Depending on the wear and damage to your prong, your jeweler may repair it by merely pushing the prong back into place so that your stone is once again secure. This is not a repair to be completed at home or by an inexperienced jewelry repair service, however. The pressure on your stone must walk a fine line to be secure without causing damage.
If your prongs are worn thin or have already broken, your jeweler may retip or rebuild them. If the damage is extensive, it may require replacing the ring head to secure your stone again. Your jeweler will be able to assess your jewelry's needs and explain your options to you after they've inspected it for you.
Loose or Chipped Stones
Loose or chipped stones may be a result of damaged prongs that were not repaired. However, there are times when the damage to a gemstone occurs due to a sharp blow directly to the stone. Minimizing your stones' exposure to activities where they are likely to take a hit can help you avoid this kind of damage, but sometimes these stone-shattering occasions aren't as apparent as others.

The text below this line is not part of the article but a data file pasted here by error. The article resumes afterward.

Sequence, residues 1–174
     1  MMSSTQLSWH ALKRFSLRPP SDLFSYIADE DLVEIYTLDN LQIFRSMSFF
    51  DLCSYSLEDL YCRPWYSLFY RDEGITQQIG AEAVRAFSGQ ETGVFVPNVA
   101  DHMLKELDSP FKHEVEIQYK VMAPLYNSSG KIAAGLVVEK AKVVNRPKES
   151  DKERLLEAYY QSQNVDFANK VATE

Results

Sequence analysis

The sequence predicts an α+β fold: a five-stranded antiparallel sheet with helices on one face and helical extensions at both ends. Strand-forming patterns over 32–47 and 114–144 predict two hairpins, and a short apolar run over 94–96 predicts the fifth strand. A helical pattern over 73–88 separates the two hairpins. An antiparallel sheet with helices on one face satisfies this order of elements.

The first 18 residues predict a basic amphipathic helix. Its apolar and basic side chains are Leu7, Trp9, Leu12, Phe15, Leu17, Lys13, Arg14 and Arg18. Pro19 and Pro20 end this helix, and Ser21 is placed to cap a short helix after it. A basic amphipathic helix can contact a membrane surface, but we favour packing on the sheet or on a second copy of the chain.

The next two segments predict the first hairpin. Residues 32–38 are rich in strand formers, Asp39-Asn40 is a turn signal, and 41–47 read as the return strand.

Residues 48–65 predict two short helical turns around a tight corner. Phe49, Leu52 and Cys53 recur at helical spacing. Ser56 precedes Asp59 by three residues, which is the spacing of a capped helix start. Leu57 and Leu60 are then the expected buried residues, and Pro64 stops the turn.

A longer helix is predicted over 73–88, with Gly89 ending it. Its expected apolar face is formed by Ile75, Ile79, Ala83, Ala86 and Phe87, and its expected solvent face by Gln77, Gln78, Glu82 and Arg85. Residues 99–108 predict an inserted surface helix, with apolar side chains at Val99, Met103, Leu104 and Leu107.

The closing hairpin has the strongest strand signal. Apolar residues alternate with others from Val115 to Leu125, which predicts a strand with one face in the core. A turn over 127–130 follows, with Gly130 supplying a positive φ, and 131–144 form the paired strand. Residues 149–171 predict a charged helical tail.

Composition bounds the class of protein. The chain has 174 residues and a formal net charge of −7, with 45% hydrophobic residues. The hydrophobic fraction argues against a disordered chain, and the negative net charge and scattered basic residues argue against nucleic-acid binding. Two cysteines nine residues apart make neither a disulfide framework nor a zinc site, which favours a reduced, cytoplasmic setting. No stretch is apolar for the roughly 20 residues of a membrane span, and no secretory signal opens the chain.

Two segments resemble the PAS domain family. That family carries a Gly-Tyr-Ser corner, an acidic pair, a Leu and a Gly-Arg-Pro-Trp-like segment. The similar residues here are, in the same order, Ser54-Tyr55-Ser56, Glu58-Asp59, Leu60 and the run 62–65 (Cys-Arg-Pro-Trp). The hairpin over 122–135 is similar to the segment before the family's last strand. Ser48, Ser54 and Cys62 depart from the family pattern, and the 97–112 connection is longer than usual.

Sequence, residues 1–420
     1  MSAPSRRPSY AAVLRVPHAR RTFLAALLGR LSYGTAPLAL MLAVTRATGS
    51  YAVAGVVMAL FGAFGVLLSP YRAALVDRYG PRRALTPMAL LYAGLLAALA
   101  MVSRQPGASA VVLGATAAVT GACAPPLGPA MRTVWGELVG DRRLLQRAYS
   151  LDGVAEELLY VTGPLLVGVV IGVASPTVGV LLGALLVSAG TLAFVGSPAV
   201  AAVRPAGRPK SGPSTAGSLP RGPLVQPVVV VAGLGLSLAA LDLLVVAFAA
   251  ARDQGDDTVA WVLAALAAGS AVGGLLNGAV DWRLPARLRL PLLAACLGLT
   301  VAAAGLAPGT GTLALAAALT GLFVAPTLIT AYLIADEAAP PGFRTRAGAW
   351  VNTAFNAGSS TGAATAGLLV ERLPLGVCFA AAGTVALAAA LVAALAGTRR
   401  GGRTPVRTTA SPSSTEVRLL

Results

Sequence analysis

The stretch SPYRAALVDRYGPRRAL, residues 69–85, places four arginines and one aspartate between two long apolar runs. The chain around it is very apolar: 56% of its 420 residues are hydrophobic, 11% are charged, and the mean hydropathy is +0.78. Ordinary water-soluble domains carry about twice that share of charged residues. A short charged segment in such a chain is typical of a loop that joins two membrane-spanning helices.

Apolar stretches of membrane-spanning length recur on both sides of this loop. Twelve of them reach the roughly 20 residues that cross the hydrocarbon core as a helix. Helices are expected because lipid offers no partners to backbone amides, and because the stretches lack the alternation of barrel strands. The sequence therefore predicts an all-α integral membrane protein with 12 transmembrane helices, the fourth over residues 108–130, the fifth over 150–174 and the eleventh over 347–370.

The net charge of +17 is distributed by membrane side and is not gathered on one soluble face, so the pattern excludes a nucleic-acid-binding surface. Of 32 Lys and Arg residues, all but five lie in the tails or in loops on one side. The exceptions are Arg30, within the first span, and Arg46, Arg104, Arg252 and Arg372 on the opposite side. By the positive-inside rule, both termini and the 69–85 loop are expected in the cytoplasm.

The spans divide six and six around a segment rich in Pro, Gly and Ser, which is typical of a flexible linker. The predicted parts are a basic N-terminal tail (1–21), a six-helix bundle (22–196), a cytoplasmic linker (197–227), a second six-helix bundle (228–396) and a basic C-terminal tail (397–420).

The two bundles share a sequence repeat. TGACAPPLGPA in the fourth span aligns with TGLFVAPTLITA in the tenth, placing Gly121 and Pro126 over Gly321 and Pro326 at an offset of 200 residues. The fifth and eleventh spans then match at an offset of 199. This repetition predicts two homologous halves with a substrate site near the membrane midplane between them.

Methods to repair loose or chipped stones
A loose stone may be corrected with a prong or head repair, depending on the cause. Chipped or otherwise damaged stones will be examined and, depending on the site and size of the inclusion, it may be possible to recut the stone or to reset it in a way that masks the damage without causing further damage. Not every stone will be a candidate for these options, and your jeweler will help you understand what avenues are available so you can arrive at the decision that is best for you.
If your stone is lost or irreparably damaged, check out our resource on repairing vs. buying new jewelry for a thorough walkthrough of some potential options.
Not only is discolored jewelry unsightly, but it may also indicate a more pressing issue. Discoloration of precious metals may point to metallic abrasion, erosion, fatigue, or corrosion. Some of these discolorations can be avoided or delayed by caring properly for your jewelry:
Do not put jewelry on until you have done your hair and makeup and applied perfume or cologne. Hard metals in cosmetics can lead to discoloration in gold, while the chemicals in hairspray and perfume can lead to corrosion in the metals typically mixed with gold.
Store your jewelry in a fabric-lined box with separate compartments for each piece, or in separate fabric bags.
Remove your jewelry when you are sweating or before handling any household chemicals or cleansers.
Depending on the cause of the discoloration and the extent of the damage, your jeweler may polish or re-plate discolored jewelry. If other symptoms of damage accompany the discoloration, additional repairs, such as ring re-shanking to repair structural damage in the metal, may be necessary.